Onions

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Onions

My knife never sings but hums instead when withdrawn from its block, a metallic whisper so modest only the wielder may hear it. Or perhaps the dog, who seems to enjoy the kitchen nearly as much as I. A Japanese blade, it’s a joy to hold, perfectly balanced, stainless steel-molybdenum alloy, blade and handle of one piece, bright, untarnished, and so sharp as to slide through, rather than awkwardly rupture and divide, its next task on the board.

We’ve never counted the chopped and rendered onions, the fine dice, slender rings and discarded skins, but if we could gather all the corpses we’ve produced together over the years, we’d form a monument to our work, cooperation of metal and man, a Waterloo mound in memory of the bulbs laid there, the planning involved, the missteps and serendipity, and the tears shed along the way.

The blade doesn’t care. It is. It works. It moves things, it lifts, it parts them, and in return is cleansed, and later, in the quiet room, maintains its edge with a silvery rasp, angled steel on steel in a circular motion, over and over, until finally it hums its way back into the block. But it never sings.

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“Onions” last appeared here in September 2016. Hmm. This reminds me that I need to sharpen knives…

The Sky Refutes East and West

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The Sky Refutes East and West
 

Here, the horizon lingers.
The open eye, the mouth’s shape.

A hoop, the circle without iris.

Does the screech owl acknowledge latitude and hemisphere?

The Semitic alphabet contained no vowels, thus O
emerged as a consonant with a pupil, morphing into a dotted ring,

and later, with the Greeks, an unembellished circle (which of course

they cracked open and placed at the end). The female lays eggs

on the remnants of earlier meals lining the bottom of her den.
If you listen at night you might hear the purring of a feathered

cat (the Texas screech owl’s call varies from that of its eastern cousins).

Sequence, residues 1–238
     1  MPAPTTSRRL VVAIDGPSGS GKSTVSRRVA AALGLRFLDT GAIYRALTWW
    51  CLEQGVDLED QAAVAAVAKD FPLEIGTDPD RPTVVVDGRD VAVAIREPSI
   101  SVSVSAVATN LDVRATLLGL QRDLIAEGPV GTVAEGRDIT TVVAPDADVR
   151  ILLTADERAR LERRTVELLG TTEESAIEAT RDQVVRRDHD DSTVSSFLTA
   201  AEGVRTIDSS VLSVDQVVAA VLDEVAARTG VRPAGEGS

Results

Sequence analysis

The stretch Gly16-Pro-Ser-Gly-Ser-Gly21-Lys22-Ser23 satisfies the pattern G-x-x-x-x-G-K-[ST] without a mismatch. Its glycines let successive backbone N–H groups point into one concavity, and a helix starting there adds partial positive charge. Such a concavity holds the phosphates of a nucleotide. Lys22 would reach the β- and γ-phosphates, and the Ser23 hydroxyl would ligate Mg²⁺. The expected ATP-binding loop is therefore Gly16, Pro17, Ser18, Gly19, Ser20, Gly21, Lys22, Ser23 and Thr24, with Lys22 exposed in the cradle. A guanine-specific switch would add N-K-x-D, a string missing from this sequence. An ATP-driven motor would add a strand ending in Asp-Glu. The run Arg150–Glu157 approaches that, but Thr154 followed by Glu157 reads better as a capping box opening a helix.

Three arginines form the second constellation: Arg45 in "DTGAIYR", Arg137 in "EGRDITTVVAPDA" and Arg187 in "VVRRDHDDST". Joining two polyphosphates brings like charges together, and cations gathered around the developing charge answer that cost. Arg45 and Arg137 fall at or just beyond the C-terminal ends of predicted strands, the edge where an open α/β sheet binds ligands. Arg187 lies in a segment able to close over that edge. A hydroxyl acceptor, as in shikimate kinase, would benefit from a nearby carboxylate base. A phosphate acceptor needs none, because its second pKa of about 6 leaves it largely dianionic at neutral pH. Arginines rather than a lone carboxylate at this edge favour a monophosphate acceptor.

The difference between sphere and ball.

To pronounce the Phoenician word for eye, sing the lowest note possible,
then drop two octaves. They usually carry prey back to their nests.

Screech owls are limited to the Americas.

Coincidence and error, the circumference of other.

***

“The Sky Refutes East and West” was first published in Prime Number Magazine, and also appears in my chapbook The Circumference of Other, included in Ides: A Collection of Poetry Chapbooks (Silver Birch Press, 2015). It made its first appearance here in May 2016.

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Poem Published in Reservoir

My poem “N Is Its Child” has  been published in Issue 4 of ReservoirI am grateful to editor Caitlin Neely for accepting this piece, which has knocked around a bit over the past four years.

 

Laolao Pavilion (after Li Po)

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Another attempt at adapting Li Po. A note on Chinese-poems.com stated “at this time, the breaking of a willow twig was part of formal leave-taking.”

Laolao Pavilion (after Li Po)

Where do more hearts break under heaven?
This sad pavilion, where visitors part,
the spring wind whispers bitter goodbyes
and willow twigs never mend.

Transliteration from Chinese-poems.com:

Heaven below damage heart place
Laolao see off visitor pavilion
Spring wind know parting sorrow
Not send willow twig green.

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First posted here in June 2014.

Recording of “Self-Portrait with Umeboshi”

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Self-Portrait with Umeboshi

Our resemblance strengthens each day.

Reddened by sun and shiso,
seasoned with salt,

we preside, finding
comfort in failure. Or does
the subjugation of one’s flavor for another’s

define defeat? The bitter, the sour, the sweet
attract and repel

like lovers separated by distances
too subtle to see.
Filling space becomes the end.
What do you learn when you look through the glass?

Knowing my fate, I say fallen. I say earth.

 

Ah, simplicity! When I was a child my mother would occasionally serve rice balls in which a single mouth-puckering umeboshi rested at the center. These have long been a favorite, but I admit that umeboshi might be an acquired taste. Commonly called “pickled plums,” ume aren’t really plums but are more closely related to apricots. I cherish them.